Why British students should go Dutch
30 October 2016, The Sunday Times Education Blog
Dutch universities are worth considering, says Joe Spence
We’ve held a week of meetings for Year 11 and 12 pupils and their parents, from Dulwich and other local schools, on the destinations they might aspire to after A levels (or the International Baccalaureate). They revealed a plethora of opportunities. The art is to ensure that the right options are explored by the right pupils.
“Going Dutch” is a path worth exploring from year 9, so we brought our week of higher education meetings to a conclusion with a session with representatives of seven Dutch universities and university colleges — all on a par with Russell Group universities — that offer undergraduate courses in English. It built on a visit I had made to Holland, along with our director of university admissions, a month earlier.
We went over because we wanted to ensure that we had a nuanced view of all that is on offer in Holland. We returned convinced that there are many good reasons to study at a Dutch university, including the nature of the courses on offer, the quality of teaching, the excellence of the wider student experience, their proud internationalism and their relatively low fees.
There is a wide range of English-language courses available. Each of the eight university colleges is different in size, ethos and specialism. The older Dutch universities are also adding to the courses offered in English — and these are not all US-style liberal arts degrees.
For example, while Leiden University College, in The Hague, concentrates on the political sciences and on providing its students with global challenges, utilising the presence in the city of so many international political and administrative agencies, Leiden University itself offers a number of courses in English: nine at present, with archaeology among the latest to be launched.
At a time when some of the most renowned British universities are being criticised for the quality of their teaching, Dutch universities regard good teaching, regularly assessed, as an expectation, and are to be found within the top 200 in international university league tables.
Pride in the quality of the student experience was evident throughout a country whose government values both education and its student population, backing this up with generous loans, rent rebates and free travel at weekends. Many students in Holland work for longer than three years on their degrees, taking time out for work or travel. It makes for a mature and diverse student body.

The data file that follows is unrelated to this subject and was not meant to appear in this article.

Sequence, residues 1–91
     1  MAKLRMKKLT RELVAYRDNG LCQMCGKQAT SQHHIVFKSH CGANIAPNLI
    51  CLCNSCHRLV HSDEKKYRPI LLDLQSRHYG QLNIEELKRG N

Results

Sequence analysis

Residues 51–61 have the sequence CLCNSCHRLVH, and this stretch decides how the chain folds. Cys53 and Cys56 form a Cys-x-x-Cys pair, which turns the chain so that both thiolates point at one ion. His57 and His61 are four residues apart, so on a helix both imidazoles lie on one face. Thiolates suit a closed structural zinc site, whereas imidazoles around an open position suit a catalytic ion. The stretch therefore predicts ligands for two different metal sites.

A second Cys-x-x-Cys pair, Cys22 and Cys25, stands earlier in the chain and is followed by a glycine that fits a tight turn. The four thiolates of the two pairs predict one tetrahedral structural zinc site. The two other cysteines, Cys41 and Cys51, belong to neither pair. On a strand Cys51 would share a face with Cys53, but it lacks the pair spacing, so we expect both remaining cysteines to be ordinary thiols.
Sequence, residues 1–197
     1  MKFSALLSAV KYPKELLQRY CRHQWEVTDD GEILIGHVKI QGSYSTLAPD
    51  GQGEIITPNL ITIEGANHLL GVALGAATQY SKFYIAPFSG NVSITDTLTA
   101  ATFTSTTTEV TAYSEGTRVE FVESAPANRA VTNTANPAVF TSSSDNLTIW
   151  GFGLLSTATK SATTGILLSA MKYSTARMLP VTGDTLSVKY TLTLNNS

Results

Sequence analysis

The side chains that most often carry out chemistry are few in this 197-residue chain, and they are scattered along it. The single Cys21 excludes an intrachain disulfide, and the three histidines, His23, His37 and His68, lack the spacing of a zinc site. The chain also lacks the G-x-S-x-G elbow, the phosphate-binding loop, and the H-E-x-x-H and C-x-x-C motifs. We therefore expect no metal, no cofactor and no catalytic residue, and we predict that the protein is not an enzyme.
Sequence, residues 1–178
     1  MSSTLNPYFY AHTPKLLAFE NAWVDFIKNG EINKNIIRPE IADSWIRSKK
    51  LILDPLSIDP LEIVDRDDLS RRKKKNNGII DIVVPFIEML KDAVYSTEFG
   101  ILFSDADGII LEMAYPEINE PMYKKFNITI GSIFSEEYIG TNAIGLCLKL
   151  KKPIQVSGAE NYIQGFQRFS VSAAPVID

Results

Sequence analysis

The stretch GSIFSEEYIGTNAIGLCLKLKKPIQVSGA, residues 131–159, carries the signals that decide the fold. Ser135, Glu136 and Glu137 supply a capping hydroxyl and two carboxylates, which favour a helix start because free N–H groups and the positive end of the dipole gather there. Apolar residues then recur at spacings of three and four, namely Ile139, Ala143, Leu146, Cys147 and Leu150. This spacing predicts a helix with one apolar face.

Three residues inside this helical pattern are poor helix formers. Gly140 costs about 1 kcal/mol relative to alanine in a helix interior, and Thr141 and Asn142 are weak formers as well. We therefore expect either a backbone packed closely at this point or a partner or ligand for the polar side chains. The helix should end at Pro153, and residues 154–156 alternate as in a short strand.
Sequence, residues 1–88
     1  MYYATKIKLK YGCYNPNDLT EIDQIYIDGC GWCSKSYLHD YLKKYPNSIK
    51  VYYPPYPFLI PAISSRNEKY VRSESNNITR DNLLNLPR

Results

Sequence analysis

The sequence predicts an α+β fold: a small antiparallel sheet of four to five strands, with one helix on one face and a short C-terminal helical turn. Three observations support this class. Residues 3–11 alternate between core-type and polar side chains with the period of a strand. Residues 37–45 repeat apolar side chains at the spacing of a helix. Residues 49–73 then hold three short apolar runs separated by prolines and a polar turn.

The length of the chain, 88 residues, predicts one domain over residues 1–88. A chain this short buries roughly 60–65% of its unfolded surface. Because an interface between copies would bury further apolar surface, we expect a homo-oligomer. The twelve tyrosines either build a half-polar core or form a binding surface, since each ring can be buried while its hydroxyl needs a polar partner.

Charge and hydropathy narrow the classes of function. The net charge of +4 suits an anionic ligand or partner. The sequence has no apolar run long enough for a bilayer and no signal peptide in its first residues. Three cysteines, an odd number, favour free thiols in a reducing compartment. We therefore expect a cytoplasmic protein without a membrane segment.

The internationalism of all Dutch universities is a given. How could this not be, for as one admissions tutor put it: “There is an awful lot of ‘abroad’ around Holland; we embrace that, and our neighbours feel at ease in our company as a result.” Many young people in post-Brexit Britain are looking for ways to lay claim to being European. Studying on the continent is one way of doing this.
But the foreignness of Holland shouldn’t be overstated, with English speakers seemingly everywhere — although British students might want to learn some Dutch as a courtesy.
Finally, undergraduate study at Dutch universities is relatively inexpensive and may remain so. Basic university fees next year will be around €2,000 (£1,800) per annum— a figure guaranteed for a few years yet. Whether British students after that period will qualify as students of the European Economic Area (like Norwegians), or as foreign students, will depend on whether we have a hard or a soft Brexit.
The drawbacks? Dutch university colleges won’t suit every student. Some are very small (500-750 students), fully residential and offer a boarding school-like experience. There may be some disadvantages to studying in “a close-knit and ambitious academic and social community with its own beautiful campus”. And, for better or for worse, according to what sort of student you are, the Dutch put an emphasis on continuous assessment rather than final exams.
Furthermore, as many as 30% of students may not go beyond the first year. The threshold for entry may appear low, but there is what is euphemistically called “selection after the gate”: an expectation that many students will not be able to keep up and will leave. The emphasis, therefore, is on working hard from the time of arrival.
The Dutch aspire to be lifelong learners. It was inspiring to spend time in their universities. It was exhilarating to find first-year students already talking of what they were going to study for their masters (doing a masters is a given in Holland). You learn how to be a student as an undergraduate and then you deepen your knowledge of a chosen field. That’s what it is to be properly educated.
For more information on Dutch universities and university colleges, see studielink.nl.
Dr Joe Spence
The Sunday Times Education Blog
Why British students should go Dutch